This was my first ever encounter with Agatha Christie and going into this book I was so afraid that I wasn't going to like it despite a large number of my family and closest friends telling me that I would. However, I didn't need to be scared at all. From the very first page I was drawn into the stories of each of the main characters and by the first death I was already taking bets on who the murderer was and who would be next and all the fun stuff like that. In true Agatha Christie style, she had me knowing exactly who the murderer was, only to reveal it was someone completely different on the very last page.

4. To Kill A Mockingbird by Harper Lee.
A lot of my friends had to read this book for class but despite this, they were constantly telling me how much they enjoyed this book and were making constant references to events and people. Sadly, my school doesn't offer To Kill A Mockingbird anymore and so I decided to pick up the book of my own accord. At first I was slightly confused- with all these different events and characters with their own little secrets, I was finding it hard to keep up. Then maybe halfway into the book, it snapped- suddenly things started to make more sense and I was able to pick up on the imagery and the storyline which meant I enjoyed the book immensely. If you, like me, didn't get a chance to study this book at school I'd suggest you pick it up for yourself because it is honestly amazing (and so many other books may reference to it!) Also, thank you to Chami who practically forced me to read this book.

5. A Monster Calls by Patrick Ness.
Going into this book I was expecting a light hearted childhood-ish/middle grade book (I suppose I completely ignored the cover), instead I found myself amongst a much darker and subject heavy story than I could have ever imagined. This just made me love the book even more, not too much the beautiful illustrations throughout. Like it seems with most other books I read this year, this one only proved to take my breath away and break my heart all over again. I would definitely recommend this book to everyone though I would suggest having a couple of happy books lined up after this one- trust me, you'll need it!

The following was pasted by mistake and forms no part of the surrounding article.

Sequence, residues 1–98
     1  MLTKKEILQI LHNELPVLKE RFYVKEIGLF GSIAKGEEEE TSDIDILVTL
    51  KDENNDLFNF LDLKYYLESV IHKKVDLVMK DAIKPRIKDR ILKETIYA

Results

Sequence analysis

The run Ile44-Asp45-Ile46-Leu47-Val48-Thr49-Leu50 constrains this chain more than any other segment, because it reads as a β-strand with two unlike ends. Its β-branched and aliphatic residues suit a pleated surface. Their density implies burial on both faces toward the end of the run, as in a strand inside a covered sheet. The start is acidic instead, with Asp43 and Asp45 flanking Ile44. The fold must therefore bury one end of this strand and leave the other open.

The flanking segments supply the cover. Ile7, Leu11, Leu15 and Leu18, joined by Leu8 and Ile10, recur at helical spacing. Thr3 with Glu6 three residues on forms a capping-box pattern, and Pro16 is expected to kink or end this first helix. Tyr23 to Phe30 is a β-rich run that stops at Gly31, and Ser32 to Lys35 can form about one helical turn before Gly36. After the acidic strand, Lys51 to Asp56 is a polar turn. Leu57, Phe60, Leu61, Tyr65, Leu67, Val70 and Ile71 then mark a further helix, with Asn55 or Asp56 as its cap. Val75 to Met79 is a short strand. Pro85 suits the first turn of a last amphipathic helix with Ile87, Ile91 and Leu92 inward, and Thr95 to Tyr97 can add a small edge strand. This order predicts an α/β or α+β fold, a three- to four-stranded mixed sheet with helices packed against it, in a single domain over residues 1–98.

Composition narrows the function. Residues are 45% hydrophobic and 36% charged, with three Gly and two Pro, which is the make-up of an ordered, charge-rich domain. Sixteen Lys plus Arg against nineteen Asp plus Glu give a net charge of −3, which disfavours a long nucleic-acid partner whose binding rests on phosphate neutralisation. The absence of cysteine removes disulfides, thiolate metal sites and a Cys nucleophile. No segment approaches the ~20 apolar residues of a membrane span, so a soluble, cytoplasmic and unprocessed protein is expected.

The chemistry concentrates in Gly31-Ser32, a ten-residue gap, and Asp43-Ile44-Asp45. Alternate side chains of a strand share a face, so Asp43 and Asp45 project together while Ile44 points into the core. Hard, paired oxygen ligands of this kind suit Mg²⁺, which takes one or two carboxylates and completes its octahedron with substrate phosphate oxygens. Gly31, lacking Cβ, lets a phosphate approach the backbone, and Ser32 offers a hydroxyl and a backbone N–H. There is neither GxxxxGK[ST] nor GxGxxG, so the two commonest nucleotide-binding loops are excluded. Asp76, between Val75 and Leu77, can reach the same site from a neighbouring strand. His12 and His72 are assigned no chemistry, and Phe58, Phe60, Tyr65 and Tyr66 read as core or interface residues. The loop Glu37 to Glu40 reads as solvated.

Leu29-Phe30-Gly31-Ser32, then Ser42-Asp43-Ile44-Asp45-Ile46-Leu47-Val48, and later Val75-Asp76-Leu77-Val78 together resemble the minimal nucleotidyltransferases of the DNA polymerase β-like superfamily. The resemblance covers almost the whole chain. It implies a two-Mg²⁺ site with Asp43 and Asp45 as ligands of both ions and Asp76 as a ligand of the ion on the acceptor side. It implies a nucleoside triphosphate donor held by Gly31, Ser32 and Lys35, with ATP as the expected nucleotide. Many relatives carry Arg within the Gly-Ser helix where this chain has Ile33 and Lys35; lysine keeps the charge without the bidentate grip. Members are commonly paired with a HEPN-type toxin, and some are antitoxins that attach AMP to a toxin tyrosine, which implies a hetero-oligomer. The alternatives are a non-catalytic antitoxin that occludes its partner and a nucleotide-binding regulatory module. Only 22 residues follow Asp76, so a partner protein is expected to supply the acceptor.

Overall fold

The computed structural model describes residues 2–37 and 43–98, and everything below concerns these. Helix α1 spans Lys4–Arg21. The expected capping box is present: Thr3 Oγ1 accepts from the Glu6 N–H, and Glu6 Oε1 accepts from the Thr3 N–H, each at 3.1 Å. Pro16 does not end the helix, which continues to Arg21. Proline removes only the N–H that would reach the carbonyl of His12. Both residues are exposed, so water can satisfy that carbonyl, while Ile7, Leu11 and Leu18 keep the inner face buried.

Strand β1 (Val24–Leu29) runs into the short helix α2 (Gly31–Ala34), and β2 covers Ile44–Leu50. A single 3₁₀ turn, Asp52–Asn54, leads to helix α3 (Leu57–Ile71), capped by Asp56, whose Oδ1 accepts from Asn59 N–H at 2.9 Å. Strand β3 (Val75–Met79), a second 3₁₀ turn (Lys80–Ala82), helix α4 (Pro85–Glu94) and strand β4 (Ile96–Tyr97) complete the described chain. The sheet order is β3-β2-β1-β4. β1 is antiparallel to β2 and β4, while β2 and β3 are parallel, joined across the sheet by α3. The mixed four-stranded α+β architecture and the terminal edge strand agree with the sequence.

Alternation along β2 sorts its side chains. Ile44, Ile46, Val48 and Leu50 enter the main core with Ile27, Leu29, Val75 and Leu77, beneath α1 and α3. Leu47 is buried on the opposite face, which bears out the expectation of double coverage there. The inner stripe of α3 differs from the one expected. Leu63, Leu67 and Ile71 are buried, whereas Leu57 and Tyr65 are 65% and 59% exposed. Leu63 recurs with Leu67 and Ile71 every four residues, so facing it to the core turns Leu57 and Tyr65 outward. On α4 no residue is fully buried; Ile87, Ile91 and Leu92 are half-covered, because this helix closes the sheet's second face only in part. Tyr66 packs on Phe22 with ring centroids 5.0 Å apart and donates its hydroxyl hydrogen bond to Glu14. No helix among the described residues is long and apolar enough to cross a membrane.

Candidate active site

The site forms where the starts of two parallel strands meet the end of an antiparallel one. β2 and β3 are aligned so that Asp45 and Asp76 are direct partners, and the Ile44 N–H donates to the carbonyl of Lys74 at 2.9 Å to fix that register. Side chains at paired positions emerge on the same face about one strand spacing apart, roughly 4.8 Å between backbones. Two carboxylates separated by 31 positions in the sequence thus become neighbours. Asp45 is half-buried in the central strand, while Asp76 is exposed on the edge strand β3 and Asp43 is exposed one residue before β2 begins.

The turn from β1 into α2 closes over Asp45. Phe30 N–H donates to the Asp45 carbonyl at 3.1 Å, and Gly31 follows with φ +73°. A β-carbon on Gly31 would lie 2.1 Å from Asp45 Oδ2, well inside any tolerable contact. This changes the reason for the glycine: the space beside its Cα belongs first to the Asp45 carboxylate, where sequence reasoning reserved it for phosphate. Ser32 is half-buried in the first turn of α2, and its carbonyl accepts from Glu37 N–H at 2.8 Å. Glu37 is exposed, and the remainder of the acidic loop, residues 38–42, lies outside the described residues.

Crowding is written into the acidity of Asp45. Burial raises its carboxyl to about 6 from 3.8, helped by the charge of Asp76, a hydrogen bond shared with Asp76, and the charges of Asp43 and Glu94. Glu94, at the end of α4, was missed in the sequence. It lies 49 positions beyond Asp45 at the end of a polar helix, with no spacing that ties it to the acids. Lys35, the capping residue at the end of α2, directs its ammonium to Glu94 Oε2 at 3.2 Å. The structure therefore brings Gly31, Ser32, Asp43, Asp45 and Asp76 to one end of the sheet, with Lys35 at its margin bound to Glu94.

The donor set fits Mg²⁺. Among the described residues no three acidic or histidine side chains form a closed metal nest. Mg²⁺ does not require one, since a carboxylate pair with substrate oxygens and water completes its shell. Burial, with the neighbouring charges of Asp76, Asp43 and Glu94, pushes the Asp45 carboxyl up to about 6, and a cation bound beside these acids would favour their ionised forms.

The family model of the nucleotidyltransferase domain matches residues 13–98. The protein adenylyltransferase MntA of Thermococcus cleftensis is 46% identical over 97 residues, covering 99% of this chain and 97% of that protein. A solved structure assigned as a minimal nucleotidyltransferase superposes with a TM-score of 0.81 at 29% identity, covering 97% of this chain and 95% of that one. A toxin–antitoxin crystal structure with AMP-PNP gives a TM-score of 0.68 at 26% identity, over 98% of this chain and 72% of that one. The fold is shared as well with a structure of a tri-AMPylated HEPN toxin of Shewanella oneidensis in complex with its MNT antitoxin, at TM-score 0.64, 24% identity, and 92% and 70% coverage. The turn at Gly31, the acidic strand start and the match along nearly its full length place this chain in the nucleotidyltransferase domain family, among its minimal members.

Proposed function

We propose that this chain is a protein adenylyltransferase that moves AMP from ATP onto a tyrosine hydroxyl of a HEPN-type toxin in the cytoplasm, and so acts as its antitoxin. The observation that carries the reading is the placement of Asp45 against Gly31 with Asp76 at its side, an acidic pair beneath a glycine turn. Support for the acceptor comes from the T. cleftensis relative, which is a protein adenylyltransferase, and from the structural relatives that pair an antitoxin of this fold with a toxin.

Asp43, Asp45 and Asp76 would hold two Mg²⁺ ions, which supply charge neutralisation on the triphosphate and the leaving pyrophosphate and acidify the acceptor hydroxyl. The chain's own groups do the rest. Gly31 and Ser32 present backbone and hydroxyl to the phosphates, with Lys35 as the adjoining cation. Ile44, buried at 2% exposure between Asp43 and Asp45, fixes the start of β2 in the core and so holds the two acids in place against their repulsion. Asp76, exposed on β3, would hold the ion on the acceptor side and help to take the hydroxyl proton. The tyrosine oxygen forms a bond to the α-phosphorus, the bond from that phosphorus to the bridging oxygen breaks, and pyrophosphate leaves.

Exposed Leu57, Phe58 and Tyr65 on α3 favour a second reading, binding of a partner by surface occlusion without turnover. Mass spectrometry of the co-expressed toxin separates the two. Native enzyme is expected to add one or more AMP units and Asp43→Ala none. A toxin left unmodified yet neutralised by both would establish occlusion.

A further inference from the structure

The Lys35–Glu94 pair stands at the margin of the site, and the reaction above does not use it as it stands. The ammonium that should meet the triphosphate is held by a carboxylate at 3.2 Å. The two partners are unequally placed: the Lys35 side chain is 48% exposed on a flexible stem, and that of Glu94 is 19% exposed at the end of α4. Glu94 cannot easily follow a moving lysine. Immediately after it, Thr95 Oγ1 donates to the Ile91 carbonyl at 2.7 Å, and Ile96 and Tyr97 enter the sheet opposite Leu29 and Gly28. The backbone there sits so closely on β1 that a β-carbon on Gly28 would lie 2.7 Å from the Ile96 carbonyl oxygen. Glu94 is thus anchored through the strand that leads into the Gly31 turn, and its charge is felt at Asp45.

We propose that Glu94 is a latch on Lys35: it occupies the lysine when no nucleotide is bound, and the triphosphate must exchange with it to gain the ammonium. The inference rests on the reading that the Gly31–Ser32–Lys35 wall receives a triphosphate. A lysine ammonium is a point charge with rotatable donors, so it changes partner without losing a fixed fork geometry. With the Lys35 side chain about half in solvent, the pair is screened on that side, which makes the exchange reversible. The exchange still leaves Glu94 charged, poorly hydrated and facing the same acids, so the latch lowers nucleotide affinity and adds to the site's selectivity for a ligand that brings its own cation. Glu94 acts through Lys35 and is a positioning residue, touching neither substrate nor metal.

6. Alice Bliss by Laura Harrington.
Here's another example of a book that tore my heart into tiny little pieces by the end. Once again I was completely mistaken (I should probably learn to read blurbs a little bit next year). Despite the heartbreaking elements of the book, I felt really connected to the main character Alice and very sorry for what was happening to her (which I won't mention as to avoid spoilers). The writing itself was incredibly powerful- there were parts where I felt like I was standing in Alice's shoes and watching everything happen around her that she couldn't stop. Personally I haven't seen many reviews of this book which I think is really sad, therefore I would definitely suggest you read this book because I think it deserves some more recognition.

7. Fury by Elizabeth Miles.
I picked this book up completely by mistake but it quickly became one of my favourite YA paranormal reads of the year. There is something so different about the themes of this book that made me really enjoy it- instead of the usual vampires or werewolves, 'Fury' has three beautiful mythological girls called the Furies who extract revenge on those who they think deserve it. I don't know about you guys, but I've never read anything quiet like this book before. This year, I also read the sequel 'Envy' which I enjoyed just as much and I am now eagerly awaiting the third book in the series. If you have yet to read 'Fury' and you're looking for something different, you should give it a try.